Ethnocentric in determination, these laws generally only apply within one’s own group. For example, one cannot kill within the group [murder], but may be required to kill someone from the “outside” [war]. People in this stage may be generally law-abiding in a narrower sense, but will lack an understanding of the meaning or “spirit” of the law.

Moving to the universalizing level, change in laws can occur when recognized as inadequate. While most people at stage five will not break existing laws, they will work conscientiously to make laws more just. With this stage of the U.S. Constitution, there is opportunity for change, but few lawmakers actually achieve this stage of development. Such change can take decades or may never occur.

The rare stage six individuals will break laws that are unjust but only with education and non-violence. It is the stage of the Golden Rule and Kant Imperative accurately understood and generally occurs later in life.

Almost all lawbreakers, whether “white” or “blue-collar crime,” can be located in stage two. They externalize blame, are opportunistic, wary, manipulative, and exploitative. They rather enjoy the challenge of breaking the law and are not intimidated – nor usually stopped by rules and laws.

Whether street “con” artists, or “white-collar” smart, as expert manipulators these individuals can often pretend group values well. Such values may be middle class or street gang, depending on the system to which they belong. If they are smart, these individuals work the “system” well to their advantage. They tend to support their own group – as long as individuals in the group are “loyal” to them. They are also often diagnosed to be psycho/sociopaths.

Appropriate to our present season, tactics observed during an election year include blame-shifting, name-calling, reputation-bashing, rumor-spreading, and veiled threats. Too often such behavior is not stopped by people in positions of control who could do so.

In Meet Donald Trump’s Proud Bullies, Goons, And Thugs [McKay Coppins, 2015], Trump’s men with middle and working-class roots lack elite credentials, and are mesmerized by displays of lavish wealth. They are impressed with brashness and amused by dirty jokes. One of Trump’s advisers described the billionaire’s appeal to blue-collar voters: “If you have no education, and you work with your hands, you like him. It’s like, ‘Wow, if I was rich, that’s how I would live!’”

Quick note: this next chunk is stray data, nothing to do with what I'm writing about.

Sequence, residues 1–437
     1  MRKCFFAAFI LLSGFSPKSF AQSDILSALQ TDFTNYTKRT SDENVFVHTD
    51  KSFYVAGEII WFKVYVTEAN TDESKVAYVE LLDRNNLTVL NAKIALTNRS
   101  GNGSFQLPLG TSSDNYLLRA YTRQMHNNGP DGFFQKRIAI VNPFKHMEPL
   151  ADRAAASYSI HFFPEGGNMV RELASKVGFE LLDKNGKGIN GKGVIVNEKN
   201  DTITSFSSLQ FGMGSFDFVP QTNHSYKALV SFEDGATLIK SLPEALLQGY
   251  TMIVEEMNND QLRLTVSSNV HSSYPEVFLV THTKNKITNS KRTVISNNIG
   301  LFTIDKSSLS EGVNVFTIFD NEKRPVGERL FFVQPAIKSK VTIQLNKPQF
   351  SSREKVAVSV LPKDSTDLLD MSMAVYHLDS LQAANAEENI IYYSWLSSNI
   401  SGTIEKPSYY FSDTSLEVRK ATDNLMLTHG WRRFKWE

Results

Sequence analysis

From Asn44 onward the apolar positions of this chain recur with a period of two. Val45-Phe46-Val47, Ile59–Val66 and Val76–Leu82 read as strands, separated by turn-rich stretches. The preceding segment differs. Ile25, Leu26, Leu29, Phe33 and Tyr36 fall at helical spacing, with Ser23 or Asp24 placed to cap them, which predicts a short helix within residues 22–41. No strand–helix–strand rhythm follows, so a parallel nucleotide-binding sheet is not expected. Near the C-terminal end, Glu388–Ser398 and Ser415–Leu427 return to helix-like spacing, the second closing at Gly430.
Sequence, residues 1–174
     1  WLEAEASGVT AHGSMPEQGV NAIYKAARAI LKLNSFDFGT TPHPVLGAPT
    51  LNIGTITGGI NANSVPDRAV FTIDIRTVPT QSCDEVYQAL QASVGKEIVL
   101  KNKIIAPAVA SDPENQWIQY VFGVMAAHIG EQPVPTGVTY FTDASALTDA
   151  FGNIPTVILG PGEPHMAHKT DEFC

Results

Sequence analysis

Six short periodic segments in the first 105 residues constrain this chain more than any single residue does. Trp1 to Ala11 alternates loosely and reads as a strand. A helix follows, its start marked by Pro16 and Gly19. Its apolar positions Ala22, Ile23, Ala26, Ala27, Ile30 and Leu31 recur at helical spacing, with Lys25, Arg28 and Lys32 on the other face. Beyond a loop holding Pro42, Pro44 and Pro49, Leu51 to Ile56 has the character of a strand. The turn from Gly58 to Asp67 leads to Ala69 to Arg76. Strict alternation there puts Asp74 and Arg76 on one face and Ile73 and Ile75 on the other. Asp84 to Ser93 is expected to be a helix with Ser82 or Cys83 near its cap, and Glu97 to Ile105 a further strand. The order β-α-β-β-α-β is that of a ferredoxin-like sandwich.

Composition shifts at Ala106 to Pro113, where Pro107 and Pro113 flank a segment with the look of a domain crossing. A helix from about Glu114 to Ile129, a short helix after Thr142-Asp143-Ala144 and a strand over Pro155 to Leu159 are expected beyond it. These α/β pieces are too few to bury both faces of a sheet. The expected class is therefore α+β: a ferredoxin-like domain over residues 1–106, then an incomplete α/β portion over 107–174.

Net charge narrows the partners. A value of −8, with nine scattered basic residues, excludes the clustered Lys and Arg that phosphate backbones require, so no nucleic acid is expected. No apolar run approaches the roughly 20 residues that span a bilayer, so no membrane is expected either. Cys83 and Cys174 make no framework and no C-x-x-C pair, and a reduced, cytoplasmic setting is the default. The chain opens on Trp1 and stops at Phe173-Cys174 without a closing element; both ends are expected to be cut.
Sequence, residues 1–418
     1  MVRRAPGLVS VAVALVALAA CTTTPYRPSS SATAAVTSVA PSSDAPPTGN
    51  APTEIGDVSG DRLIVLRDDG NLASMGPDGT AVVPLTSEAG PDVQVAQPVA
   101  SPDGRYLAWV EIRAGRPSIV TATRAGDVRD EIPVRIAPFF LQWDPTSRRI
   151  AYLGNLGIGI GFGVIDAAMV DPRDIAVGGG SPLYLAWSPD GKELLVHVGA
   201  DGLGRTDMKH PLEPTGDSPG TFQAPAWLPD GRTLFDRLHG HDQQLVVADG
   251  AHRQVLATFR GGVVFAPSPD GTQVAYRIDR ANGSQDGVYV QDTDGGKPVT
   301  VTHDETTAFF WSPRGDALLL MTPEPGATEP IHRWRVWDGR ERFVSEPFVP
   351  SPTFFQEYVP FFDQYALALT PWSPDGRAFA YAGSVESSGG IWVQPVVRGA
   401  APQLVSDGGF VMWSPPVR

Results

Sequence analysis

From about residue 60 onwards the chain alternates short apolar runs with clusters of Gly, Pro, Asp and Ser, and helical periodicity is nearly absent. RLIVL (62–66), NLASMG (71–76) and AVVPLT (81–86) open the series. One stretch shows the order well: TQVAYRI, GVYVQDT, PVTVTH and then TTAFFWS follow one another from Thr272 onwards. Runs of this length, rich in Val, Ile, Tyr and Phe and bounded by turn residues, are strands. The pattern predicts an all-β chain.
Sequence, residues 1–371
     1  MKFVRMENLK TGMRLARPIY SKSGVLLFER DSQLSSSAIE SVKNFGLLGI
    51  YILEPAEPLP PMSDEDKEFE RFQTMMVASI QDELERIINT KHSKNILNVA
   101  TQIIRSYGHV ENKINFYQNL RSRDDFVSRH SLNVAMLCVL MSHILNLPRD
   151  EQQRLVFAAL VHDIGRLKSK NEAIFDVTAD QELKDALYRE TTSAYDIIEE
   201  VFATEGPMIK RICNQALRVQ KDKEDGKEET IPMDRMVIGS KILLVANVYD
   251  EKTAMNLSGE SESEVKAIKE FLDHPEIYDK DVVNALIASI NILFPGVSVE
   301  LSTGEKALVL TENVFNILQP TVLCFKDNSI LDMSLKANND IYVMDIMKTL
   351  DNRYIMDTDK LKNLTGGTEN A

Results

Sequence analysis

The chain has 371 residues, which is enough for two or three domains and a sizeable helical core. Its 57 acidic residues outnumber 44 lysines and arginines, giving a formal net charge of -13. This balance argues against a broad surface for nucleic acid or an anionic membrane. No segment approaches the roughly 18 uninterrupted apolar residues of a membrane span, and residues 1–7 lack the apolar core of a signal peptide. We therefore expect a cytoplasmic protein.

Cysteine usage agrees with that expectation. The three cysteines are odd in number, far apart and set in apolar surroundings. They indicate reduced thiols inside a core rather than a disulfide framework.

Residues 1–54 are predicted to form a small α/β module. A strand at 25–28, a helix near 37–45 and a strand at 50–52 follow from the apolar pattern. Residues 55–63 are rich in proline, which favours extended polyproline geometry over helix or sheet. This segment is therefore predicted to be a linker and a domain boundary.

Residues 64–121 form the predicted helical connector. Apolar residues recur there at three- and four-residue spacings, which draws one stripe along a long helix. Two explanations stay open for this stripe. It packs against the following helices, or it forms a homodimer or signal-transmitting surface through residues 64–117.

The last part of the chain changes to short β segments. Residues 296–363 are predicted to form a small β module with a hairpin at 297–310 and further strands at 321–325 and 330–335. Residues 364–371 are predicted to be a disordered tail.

We are a people who are developmentally challenged – if not in its usual understanding. Yet we know how to encourage development from the early years on.

My graduate school advisor talked of the ability of young children to say, “Not fair,” when observing unequal distribution of food or toys. That early sense of lack of fairness can be encouraged and discussed with children throughout their early years. Children can learn to discuss rules and laws, their effectiveness and fairness.

Authoritarian parenting and schooling discourage development, while flexible socialization results in humans not only with greater cognitive skills but emotional, social and moral development as well. In addition, such socialization encourages autonomy that results in behaviors and accountability that are greater than the individual’s ability to reason in a more formal way.

In a 2017 op-ed in the Washington Post denouncing fellow Republicans who defend Trump, then-Arizona Sen. Jeff Flake invoked Joseph Welch, the chief counsel for the Army who famously confronted Joseph McCarthy.

“I have children and grandchildren to answer to,” Flake said, announcing his retirement and thus his willingness to speak frankly. “I will not be complicit or silent.”

More than 800 people already have been charged with criminal activities before, on and after Jan. 6, 2021 but we have testimony of those with courage who have told their stories despite threats to themselves, their families and neighbors. Their stories are now part of history.

What happens as a result of their courage, will be our answer to our children and grandchildren.

Ann Dapice [Lenape/Cherokee] received a PhD in psychology, sociology and philosophy from the University of Pennsylvania. She has taught and/or served as administrator at a number of universities teaching courses in the social sciences, philosophy and Native American Studies. She is Director of Education and Research for T.K. Wolf, Inc., a 501(c)(3) American Indian organization and Founder/Executive Director, Institute of Values Inquiry. Her large-scale research and teaching have focused on psycho-social-faith development related to values and ethical behavior. She consults with the University of Pennsylvania on development of Native American Programs where she is Founder of the Association of Native Alumni and has served on a number of university committees. Her Fellowships have been with Princeton in Asia and the Coolidge Research Colloquium. Her cross-cultural and interdisciplinary research has been reported in professional journals, books, and academic presentations regionally, nationally and internationally – and in newspapers, radio, television, and the internet.